A few JVM related posts worth reading:
Go language and reactions:
If you like the Markdown syntax and want a good, no fuss editor for writing documents:
Some Comp-Sci stuff to keep your (my) mind fit:
Scala and Spark related videos:
Until next time!

Sunday, June 23, 2013

Reading list (and RIP Mr. Iain Banks)

Here's my list of books I read these past few months:

  • RIP - Mr. Iain Banks
  • Seeker by Jack McDevitt -Watered down scifi. Like a direct-to-DVD sci-fi movie. If you can stay awake through the chapter after chapter of filler - like one long, boring episode of Star Trek
  • Mirror Dance Miles Vorkosigan Adventures - Smart, clever, crisp. Surprisingly interesting story and great character development
  • Paladin of Souls by Lois McMaster Bujold - A beautifully written fantasy novel. Engrossing and scary. At the same level as China and Dan Simmons
  • Night Watch by Terry Pratchett - my first Pratchett novel. Not bad at all, light and funny
  • Planesrunner by Ian McDonald - Interesting but definitely young adult sci-fi. Story and the worlds had a lot of promise but lacks the sophistication of hard core sci-fi. Kiddie stuff
  • Terry Pratchett - Small gods. Typical irreverential Pratchett style. Funny and not too bad
  • The Emperor's Soul: Brandon Sanderson. Novella. Makes for a nice, light, quick reading
  • The Martian by Andy Weir - Amazing piece of near sci-fi, survival. You'll love the detail especially if you are an engineer. Kindle only
  • Crystal sphere - Short story. Short but nice
  • Gabble - Some stories are great fun. Where it comes to Polity, it's uncomfortably close to the great Iain Banks' Culture. Neal Asher should've tried something original and not rip off Banks. Still, worth reading
  • Six directions of space - Alistair Reynolds. Multiple time lines. Abrupt ending. Short story. Should've gone with a longer, novel format
Until next time!

Sunday, June 16, 2013

ForkJoin - a quick exploration .. long overdue

ForkJoin has been available to us Java folks since Java 7 and if you consider the JSR 166 packages, then even longer. I found the time to explore this API only recently.

Having written about Phasers a couple of years ago and realizing that I'd still not found a use for it in production, I was not too eager to explore another "thread-pool" (just kidding - where would we be today without j.u.c classes).

Anyway, I downloaded the latest JDK 8 pre-relase (b93), changed my IntelliJ 12 language mode to Java 8-with-lambdas and ran some simple tests.

Mind you, the JavaDocs for ForkJoin and related classes are quite elaborate and expect you to set aside some time to go through it in detail... which you can probably postpone if you read this post.

ForkJoin is recommended as a thread-pool if your main task has to divide itself into a lot of smaller tasks, usually recursively. Usually in such scenarios the number of children tasks are not known upfront. Technically, the work-stealing aspect of ForkJoin and the claim that it scales well when faced with a large number of tasks makes it a good fit for such workloads.

Essentially, there are 3 ways in which you can write jobs/tasks to run in a ForkJoinPool - RecursiveAction, RecursiveTask and the new JDK 8 CountedCompleter.

The RecursiveAction is fairly simple. It embodies the logic to work on the root of your computation problem. It also splits its work into smaller sub-tasks recursively. Very similar to a binary search but searching each half will be spawned off as a sub-task recursively. The computations for this tree of tasks completes when the leaf nodes are processed.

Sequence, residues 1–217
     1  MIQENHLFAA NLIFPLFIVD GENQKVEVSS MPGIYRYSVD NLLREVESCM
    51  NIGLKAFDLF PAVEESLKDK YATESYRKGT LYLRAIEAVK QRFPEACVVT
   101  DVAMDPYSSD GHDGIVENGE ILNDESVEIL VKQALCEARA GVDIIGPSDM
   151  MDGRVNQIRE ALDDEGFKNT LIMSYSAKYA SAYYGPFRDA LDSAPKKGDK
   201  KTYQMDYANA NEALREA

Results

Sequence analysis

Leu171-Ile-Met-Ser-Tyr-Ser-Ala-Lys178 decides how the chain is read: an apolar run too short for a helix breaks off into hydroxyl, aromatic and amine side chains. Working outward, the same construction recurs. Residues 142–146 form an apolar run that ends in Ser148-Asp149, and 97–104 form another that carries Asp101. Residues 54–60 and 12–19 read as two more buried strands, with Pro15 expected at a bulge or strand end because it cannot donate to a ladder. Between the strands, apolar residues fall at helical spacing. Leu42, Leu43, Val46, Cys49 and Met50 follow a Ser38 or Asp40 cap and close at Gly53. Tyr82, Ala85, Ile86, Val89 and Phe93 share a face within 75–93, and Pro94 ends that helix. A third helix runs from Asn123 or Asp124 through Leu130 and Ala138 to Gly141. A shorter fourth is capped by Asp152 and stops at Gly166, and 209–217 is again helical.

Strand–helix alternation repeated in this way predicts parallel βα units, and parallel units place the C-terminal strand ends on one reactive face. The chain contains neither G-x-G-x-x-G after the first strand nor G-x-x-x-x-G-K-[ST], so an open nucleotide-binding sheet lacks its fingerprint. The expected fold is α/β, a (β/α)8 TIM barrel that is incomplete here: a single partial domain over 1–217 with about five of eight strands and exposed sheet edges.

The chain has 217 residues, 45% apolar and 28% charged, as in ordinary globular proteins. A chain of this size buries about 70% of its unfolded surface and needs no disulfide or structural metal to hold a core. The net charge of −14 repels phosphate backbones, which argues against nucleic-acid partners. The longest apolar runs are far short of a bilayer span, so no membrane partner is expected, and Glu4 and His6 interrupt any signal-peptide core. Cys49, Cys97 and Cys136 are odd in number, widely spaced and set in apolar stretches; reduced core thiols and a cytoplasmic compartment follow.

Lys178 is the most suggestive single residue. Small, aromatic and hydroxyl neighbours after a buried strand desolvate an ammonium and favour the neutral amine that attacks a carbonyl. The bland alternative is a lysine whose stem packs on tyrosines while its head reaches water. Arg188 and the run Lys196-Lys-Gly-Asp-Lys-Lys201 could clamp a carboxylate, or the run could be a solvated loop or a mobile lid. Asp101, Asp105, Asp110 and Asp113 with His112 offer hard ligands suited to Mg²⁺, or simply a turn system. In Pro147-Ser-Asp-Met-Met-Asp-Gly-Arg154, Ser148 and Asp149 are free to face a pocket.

I can think of a simplified but realistic use case where you'd want to do a mix of sync and async, parallel sub-tasks:

  1. Receive purchase order request from client
  2. Convert request payload (JSON, XML) to Java object
  3. Make synchronous authorization check with LDAP
  4. Make some async requests
    1. Make async request to inventory service to check and reserve stock
    2. Make async request to shipment service and find closest free shipment date to requested destination
    3. Make async request to fetch similar/recommended items to offer package deals
  5. Consolidate results of async requests
  6. Generate response JSON
You could do steps 2, 3 and 6 in a regular ThreadPoolExecutor. If you need to accommodate priority purchase order processing then you could easily do it with a combination of PriorityBlockingQueue and the right constructor on TPE.

In fact, there are so many implementations of BlockingQueue, for example LinkedTransferQueue and SynchronousQueue which could be useful in some special cases. The Exchanger is another such nugget in the j.u.c package. Apparently CompletableFuture is ideal for such cases (like Scala's Promise and Google Guavas' ListenableFuture) but I was surprised to see there were no examples in the JavaDoc.

(Ok, this is turning out to be a longer post than I had expected. Not a quick exploration after all)

Going back to our example, incorporating the 3 asynchronous operations in step 4 might constitute as sub-tasks of step 4. Although in reality, the JavaDoc for ForkJoinPool says that the ForkJoinTasks should ideally not block on external resources like I/O. This is called "unmanaged synchronization" as it involves waiting for resources outside the fork-join system. For that the ManagedBlocker is recommended, although to me it looks like it was added only as an after thought.

So, sadly the above seemingly real-world example might not be a good case for ForkJoin. Which means the ideal use case is something that involves recursively decomposing and pure computation - a.k.a in-memory map-reduce.

So, we make our way back to the overly geeky sort-merge example used in the JavaDocs. In my case, I decided to dispense with the sorting part and simplified the problem even further - purely for illustration purposes.